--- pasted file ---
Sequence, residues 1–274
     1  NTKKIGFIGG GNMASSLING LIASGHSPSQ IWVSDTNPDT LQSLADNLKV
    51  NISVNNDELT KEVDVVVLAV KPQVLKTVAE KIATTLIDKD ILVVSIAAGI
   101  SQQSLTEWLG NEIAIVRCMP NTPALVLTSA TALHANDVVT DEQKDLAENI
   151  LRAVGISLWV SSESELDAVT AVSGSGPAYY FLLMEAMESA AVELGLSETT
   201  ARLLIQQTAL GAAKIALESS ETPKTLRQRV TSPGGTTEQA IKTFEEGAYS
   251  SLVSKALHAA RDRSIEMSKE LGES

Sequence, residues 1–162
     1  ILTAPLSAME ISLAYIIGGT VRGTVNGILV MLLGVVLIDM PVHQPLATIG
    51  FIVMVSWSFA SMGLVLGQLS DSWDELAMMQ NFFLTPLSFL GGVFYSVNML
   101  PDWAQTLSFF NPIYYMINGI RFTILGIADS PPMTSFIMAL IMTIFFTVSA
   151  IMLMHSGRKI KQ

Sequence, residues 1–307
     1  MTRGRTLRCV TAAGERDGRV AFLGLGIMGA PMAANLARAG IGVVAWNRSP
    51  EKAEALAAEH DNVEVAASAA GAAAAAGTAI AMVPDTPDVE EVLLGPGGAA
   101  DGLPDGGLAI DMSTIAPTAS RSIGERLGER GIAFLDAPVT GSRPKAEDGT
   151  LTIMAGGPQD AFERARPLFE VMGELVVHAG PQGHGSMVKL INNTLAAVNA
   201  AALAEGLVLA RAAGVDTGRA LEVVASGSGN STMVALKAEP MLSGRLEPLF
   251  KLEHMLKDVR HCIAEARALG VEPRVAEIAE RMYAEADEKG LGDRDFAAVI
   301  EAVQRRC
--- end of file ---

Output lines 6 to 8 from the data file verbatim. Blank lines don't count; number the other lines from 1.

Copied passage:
   201  ARLLIQQTAL GAAKIALESS ETPKTLRQRV TSPGGTTEQA IKTFEEGAYS
   251  SLVSKALHAA RDRSIEMSKE LGES

Sequence, residues 1–162